Will we be seeing Daniel Stopes again as a recurring character in your work, or have you left the art school narrative behind?

I prefer to make a story and then move on to a new project. Never say never. For now I am moving on from art school, but not from fiction, non-fiction or autobiography. For my next project I want to show versatility; I don’t want it to be set within reality and so I have chosen to include elements of sci-fi.

Is the new work commissioned by Nowbrow again?

Nothing is settled, but I can say that the book is a sci-fi western with a coming of age story, again. I do like that theme, but it’s at a younger stage this time, rather than teenage to adult, it’s about being a kid becoming a teenager. I’m hoping it will be something that my little cousins and grandma can read, as ‘Art schooled’ had way too much swearing!

In some of your other works you’ve taken a journalistic stance and covered political issues — I’m thinking of your piece about tuition fees and Rodney King — where does this interest stem from?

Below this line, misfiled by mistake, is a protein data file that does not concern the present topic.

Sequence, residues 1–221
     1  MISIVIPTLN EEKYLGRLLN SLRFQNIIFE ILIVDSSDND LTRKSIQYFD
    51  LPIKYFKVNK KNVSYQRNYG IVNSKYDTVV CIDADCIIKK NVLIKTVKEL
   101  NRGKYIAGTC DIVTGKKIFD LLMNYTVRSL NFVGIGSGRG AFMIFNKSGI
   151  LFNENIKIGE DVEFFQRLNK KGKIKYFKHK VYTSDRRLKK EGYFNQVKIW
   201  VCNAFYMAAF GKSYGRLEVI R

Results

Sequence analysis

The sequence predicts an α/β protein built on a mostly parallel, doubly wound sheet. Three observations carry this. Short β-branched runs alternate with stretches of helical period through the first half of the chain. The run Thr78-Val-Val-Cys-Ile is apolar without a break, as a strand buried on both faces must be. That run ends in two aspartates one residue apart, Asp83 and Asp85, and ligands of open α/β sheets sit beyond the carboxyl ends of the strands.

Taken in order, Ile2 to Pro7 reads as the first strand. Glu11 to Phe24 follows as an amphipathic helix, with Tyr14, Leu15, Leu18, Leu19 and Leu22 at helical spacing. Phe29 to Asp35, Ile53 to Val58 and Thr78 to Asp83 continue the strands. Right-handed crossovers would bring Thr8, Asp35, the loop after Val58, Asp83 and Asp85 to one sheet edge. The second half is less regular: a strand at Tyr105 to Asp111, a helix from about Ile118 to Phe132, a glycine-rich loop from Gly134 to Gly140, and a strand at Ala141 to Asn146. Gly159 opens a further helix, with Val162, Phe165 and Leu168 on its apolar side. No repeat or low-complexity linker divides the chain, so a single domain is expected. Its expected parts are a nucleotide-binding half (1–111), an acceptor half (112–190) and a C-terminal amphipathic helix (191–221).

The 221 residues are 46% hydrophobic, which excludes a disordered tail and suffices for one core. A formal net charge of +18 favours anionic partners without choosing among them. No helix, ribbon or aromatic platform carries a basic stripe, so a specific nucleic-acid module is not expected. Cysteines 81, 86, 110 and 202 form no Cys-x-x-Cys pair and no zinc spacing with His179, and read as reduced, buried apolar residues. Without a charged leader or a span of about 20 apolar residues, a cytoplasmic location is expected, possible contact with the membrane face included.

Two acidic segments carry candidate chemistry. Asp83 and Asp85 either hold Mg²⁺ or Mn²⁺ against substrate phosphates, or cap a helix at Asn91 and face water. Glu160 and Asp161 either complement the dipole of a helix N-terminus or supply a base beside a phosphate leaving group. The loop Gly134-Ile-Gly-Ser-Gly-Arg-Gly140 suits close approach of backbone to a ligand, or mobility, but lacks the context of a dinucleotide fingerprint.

I used to do political cartoons and that was a real driving force. I need to get back on it, and I just need to find the right platform.

The question for my dissertation was ‘what do graphic novels bring to social political commentary?’, and the tuition fees march was part of my research. I find myself going in and out of making social/political comics. If I do something, I want it to come naturally.

In my upcoming work, I want to interject little bits of social political commentary rather than having it as the whole concept. A book I’m working on now, for instance, has elements of consumer society, a very done topic, but I want to interject my own ideas and add something new to it.